As Bernie Sanders continues to triumph in Democratic primaries expect to hear increased denunciations of socialism. Along the way I suspect there will be denunciations of redistribution as well.
However, it’d important to understand that the crucial redistribution has already happened and the same people who are complaining the loudest are the ones who benefited the most.
Allow me to explain.
From the New Deal to the late 1970’s, America maintained a much more equalitarian economy where every worker, from the CEO down to production personnel, served partly as a manager, participating in planning and coordination as well as sharing in the fruits of rising productivity.
US corporations invested in continuous paid training of long-term employees, allowing them to rise up the ranks. At IBM, for example, a 40-year worker might spend more than four years, or 10 percent, of his work life in fully paid, IBM-provided training. Meanwhile, top executives enjoyed commensurately less control and captured lower incomes. This democratic approach to management compressed the distribution of income and status.
While this state of affairs enhanced widespread prosperity, not everyone was happy.
The wealthy and their management allies, who had seen their profits and prestige diminish during this period seized upon the stagflation of the 1970’s to stage a counter-revolution. A new ideal of shareholder primacy, powerfully championed by Milton Friedman provided the intellectual underpinning to this ideology. Shareholder primacy argued that “the paramount duty of management and of boards of directors is to the corporation’s stockholders.”
This ideology of shareholder value as the highest responsibility of a corporation allowed a new class of management consultants–epitomized by McKinsey & Company–to focus on efficiency and to pursue this duty by expressly and relentlessly taking aim at the middle managers who had dominated mid-century firms, and whose wages cut into shareholder profits.
McKinsey framed its path to downsizing, which the firm called “overhead value analysis,” to deal with this problem. As McKinsey’s John Neuman admitted in an essay introducing the method, the “process, though swift, is not painless. Since overhead expenses are typically 70% to 85% people-related and most savings come from work-force reductions, cutting overhead does demand some wrenching decisions.”
This fundamental redistribution thus implemented and rationalized a transformation in the American corporation. Corporations downsized in response not to particular business problems but rather to a new managerial ethos and methods; they downsized when profitable as well as when struggling, and during booms as well as busts.
There was an appreciation of the societal costs these wrenching decisions might cause. When IBM abandoned lifetime employment in the 1990s, local officials asked gun-shop owners around its headquarters to close their stores while employees absorbed the shock.
I wonder if it’s a coincidence that workplace massacres began happening during this same period?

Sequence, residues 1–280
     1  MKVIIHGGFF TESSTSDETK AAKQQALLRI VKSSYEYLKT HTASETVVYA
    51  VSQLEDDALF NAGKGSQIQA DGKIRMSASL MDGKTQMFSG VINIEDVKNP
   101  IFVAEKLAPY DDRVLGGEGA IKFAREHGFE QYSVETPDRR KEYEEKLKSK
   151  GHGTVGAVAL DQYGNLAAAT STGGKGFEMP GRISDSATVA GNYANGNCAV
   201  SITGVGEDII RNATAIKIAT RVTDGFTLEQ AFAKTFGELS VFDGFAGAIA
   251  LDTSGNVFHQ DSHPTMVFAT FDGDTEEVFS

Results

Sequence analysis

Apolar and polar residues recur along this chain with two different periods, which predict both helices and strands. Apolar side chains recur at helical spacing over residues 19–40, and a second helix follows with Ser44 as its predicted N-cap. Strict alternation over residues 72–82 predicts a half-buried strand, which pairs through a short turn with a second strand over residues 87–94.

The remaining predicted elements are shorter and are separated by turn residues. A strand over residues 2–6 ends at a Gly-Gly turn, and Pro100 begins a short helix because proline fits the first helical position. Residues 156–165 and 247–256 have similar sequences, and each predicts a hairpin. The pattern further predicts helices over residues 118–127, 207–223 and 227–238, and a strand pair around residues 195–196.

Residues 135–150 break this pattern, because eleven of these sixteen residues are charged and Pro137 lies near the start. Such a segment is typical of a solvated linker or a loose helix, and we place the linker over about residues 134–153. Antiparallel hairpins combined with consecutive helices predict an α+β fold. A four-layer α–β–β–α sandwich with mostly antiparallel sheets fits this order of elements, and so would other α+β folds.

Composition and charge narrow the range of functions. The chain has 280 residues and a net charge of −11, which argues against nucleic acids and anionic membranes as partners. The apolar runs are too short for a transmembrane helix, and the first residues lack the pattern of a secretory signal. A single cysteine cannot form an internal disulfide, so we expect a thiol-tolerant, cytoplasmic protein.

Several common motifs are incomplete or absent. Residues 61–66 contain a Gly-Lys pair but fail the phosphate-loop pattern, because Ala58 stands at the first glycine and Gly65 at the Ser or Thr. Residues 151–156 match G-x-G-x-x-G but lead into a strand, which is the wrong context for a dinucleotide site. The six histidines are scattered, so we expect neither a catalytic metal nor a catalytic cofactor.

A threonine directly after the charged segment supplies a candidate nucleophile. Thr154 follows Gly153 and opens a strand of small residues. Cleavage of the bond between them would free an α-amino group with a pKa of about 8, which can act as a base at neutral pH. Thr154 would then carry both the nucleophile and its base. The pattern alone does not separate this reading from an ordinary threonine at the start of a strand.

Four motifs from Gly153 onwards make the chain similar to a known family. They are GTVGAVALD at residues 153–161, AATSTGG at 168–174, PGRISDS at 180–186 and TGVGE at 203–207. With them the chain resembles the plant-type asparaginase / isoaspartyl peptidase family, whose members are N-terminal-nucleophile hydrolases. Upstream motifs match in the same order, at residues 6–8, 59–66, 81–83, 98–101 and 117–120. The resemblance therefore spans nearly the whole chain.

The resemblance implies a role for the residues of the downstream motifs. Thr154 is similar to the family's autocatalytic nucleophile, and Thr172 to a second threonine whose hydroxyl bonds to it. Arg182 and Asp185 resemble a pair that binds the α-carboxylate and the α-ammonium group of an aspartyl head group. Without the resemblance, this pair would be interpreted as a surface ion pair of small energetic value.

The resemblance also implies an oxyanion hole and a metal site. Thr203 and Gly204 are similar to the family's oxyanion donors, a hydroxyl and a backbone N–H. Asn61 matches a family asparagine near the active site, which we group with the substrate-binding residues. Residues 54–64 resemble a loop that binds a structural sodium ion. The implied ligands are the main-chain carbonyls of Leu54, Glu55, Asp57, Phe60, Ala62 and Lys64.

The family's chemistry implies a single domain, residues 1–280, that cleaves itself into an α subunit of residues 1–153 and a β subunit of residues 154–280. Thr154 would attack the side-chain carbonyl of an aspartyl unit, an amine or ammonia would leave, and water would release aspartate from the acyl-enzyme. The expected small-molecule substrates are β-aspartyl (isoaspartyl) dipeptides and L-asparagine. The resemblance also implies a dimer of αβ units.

In effect, this fundamental economic redistribution allowed corporations to replace lifetime employees with short-term, part-time, and even subcontracted workers, hired under ever more tightly controlled arrangements, who sell particular skills and even specified outputs, and who manage nothing at all.
This is the world we live in presently. It’s called the Gig Economy.
Mid-century, democratic management empowered ordinary workers and disempowered elite executives. Today, top executives boast immense powers of command—and, as a result, capture virtually all of management’s economic returns. Whereas at mid-century a typical large-company CEO made 20 times a production worker’s income, today’s CEOs make nearly 300 times as much.
Now that’s some redistribution.
Going further, what obvious is the central role that redistribution has played in fueling the enormous economic inequalities that played no small part in the election of Donald Trump and now threaten to turn the United States into a caste society.
At this point I’m pretty sure that the feral elite who control the DNC are going to pull out all the stops to prevent Sanders from becoming the Democratic contender which is too bad because his candidacy would offer an amazing window into the the kayfabe our political process has become.
For one thing, an election between Sanders and Trump would expose the Resistance for the phonies they are. For all the talk of Donald Trump as some sort of Manchurian–Nazi/Russian puppet, if the choice were between Sanders and Trump I’m pretty sure that all the wealthy liberals would vote for Trump. Think about it, from the standpoint of those liberals tied to investor-class interests, a Trump victory in 2020, even if it were to raise a serious threat of authoritarianism, could be less disturbing than a Sanders-led, political realignment that threatened their redistributed gains.
Not only that but all the manipulations and obvious hypocrisy has the potential to cause profound, widespread cognitive dissonance. If enough people in the world’s most powerful nation wake up to the fact that they don’t have the kind of political system they were taught about in school, if they realize that everything they’ve been told about how their government operates is a lie, if they realize their lives have been made so unnecessarily difficult by a ruling oligarchic class with a vested interest in keeping them poor and distracted, well, then we’re looking at an actual revolution.
In this transformative milieu language matters.
Crucially, socialism and redistribution are pejoratives aimed at Sanders and his supporters to divert attention away from the fact that 40 years of redistribution has resulted in socialism for corporations and their wealthy owners and the savagery of the “free market” for the rest of us.